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Is glass more than half empty?
Kelley Brothers weighs closing doors if business doesnt pick up
Mark Abram, left, and Joe Kelley of Kelley Brothers. - photo by DENNIS WYATT

Kelley Brothers Brewing Co. was the toast of downtown when it opened 12 years ago.

The conversion of the burned out shell of the El Rey Theatre that stood as a scar on the city’s heart for 24 years was hailed as the marquee investment for a new downtown.

It was where 1,000 tickets sold virtually overnight for the Party of the Century as Manteca celebrated the dawn of the 21st century just as the economy was starting to go into overdrive. Storefront vacancies in downtown - and elsewhere in Manteca - were rare finds.

 Today it is a different story. Kelley Brothers – like other restaurants and businesses – has been hammered by the Great Recession. There is a liberal sprinkling of empty storefronts around town. Kelley Brothers’ Joe Kelley and Mark Abram have struggled to keep going.

Now they fear the writing is on the wall. Unless they see a modest rebound between now and Dec. 31, the new year may usher in a towering vacancy on the downtown landscape as Kelley Brothers may shut their doors.

“We’re not looking for a ‘Wonderful Life’ type of miracle,” Kelley said. “We’re just hoping that people who haven’t stopped by in a while will do so and hopefully we’ll get a 10 percent increase in business.”

They have a plan “B” that involves selling their businesses launched in 1999 with a $2.1 million investment for $300,000.

Selling - if they can’t generate enough revenue to justify continuing as Kelley Brothers- is their preferred alternative.

Kelley noted if they close their doors the equipment would all be liquidated  meaning the building – designed specifically for a brewery and restaurant inside of the former shell of the El Rey – would likely sit vacant again for years.

The prospect of Kelley Brothers closing wasn’t viewed as good news by neighboring businesses whose owners view the brewery as an attraction that brings potential customers downtown.

“Losing Kelley Brothers would be a big bit,” noted Manteca Chamber of Commerce Chief Executive Officer Debby Moorhead who also serves on the City Council.

She described it as a “backwards step” for downtown.

Moorhead noted the chamber often will suggest Kelley Brothers and other independent restaurants in Manteca when they get inquiries from out-of-town visitors who want to try a non-chain restaurant. The latest was just a few weeks ago from a couple from Texas on their way to Yosemite.

Manteca’s biggest restaurant

At more than 350 seats, Kelley Brothers is Manteca’s biggest restaurant. They had 50 employees at one point. They are now down to 22.

Kelley noted they have relatively strong weekends thanks to Big League Dreams tournaments.

“We’re the only place in town that can really hold big groups,” he said.

Their dinner service is decent although it is down just like weekends. The big killer though is the lunch trade. Once in awhile it is strong but there are days when it is virtually non-existent.

“We’re no different than a lot of other restaurants when it comes to lunch trade during the week,” Kelley said.

Kelley said the first two quarters are always the strongest from January through June. Summer is typically the weakest and the fourth quarter picks up.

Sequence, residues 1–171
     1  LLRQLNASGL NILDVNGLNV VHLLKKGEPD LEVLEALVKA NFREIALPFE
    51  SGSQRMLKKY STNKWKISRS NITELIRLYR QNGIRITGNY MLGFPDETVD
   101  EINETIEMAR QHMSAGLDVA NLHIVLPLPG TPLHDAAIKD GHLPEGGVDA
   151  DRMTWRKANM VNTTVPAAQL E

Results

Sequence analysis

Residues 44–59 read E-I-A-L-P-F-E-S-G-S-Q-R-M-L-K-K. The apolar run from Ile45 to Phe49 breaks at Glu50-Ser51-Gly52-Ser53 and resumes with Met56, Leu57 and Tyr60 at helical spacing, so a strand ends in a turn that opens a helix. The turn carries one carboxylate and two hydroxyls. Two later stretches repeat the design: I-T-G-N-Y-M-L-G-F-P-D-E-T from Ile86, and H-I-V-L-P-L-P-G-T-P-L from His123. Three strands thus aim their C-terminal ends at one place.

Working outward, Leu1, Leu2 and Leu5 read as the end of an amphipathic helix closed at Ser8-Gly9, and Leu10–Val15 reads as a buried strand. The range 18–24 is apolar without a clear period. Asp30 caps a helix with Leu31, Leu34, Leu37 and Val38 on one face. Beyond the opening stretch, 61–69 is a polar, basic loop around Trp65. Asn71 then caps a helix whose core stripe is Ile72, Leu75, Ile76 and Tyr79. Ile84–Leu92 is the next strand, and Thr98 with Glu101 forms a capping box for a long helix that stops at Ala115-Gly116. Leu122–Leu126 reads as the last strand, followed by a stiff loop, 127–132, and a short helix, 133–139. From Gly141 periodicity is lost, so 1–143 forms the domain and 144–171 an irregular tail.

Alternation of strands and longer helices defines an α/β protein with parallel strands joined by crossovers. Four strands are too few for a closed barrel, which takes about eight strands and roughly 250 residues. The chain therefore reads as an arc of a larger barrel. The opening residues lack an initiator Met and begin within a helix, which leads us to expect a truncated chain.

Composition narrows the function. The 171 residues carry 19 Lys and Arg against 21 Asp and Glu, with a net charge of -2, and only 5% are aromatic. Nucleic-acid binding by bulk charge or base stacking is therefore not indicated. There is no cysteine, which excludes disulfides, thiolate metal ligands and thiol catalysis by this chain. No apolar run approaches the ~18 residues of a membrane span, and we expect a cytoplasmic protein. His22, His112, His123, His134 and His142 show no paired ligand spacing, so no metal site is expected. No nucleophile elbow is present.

They did a lot of juggling to make it through the last three months. They have 75 percent of their capacity for holiday parties booked.

If they don’t see an upward trend over the next three months, given their particular finances, they doubt that they’d be able to gamble on just how strong the start of the year will be for them.

In essence, they have calculated just how far they can push the financial envelope. And whether they hold or fold depends on October, November, and December sales.

Reaching five years is considered rare in the restaurant business. Kelley Brothers has gone for 12 years so far.

“It may take the Great Recession to bring us down,” Kelley said.

Kelley Brothers eliminated an albatross for downtown when it opened. The city back in 1991 was told by a consulting firm that it would cost $500,000 to buy and level the property and have nothing to show for it except a vacant lot.

The city toyed with a number of ideas including using redevelopment agency funds to finance an office building on the cite given that it was just yards away from the physical and psychological heart of the city – Yosemite Avenue and Main Street.

El Rey Theatre first opened 74 years ago

When Joe and his original partner and brother Shon Kelley came up with the brewery plan, they were able to cobble together most of the $2.1 million except $250,000.

The redevelopment agency made a 10-year loan on the property that has been paid off with interest ahead of schedule. They also met sales tax targets and employment levels that the city imposed to avoid paying even higher interest. Just months after the loan was paid off the Great Recession hit.

The El Rey opened 74 years ago with great fanfare on April 15, 1937 at the height of the Great Depression at a cost of $110,000.

The 900-seat, air-conditioned theater dubbed “The House of Courtesy” was complete with bathroom tiled floors and art on the walls with ceilings accented with gold leaf. Its marquee was crowded with big name, first-run movies.

The El Rey Theatre had a 48-year run as Manteca’s major source of commercial entertainment until it was gutted by fire on Aug. 6, 1975 after the screening of “The Towering Inferno.”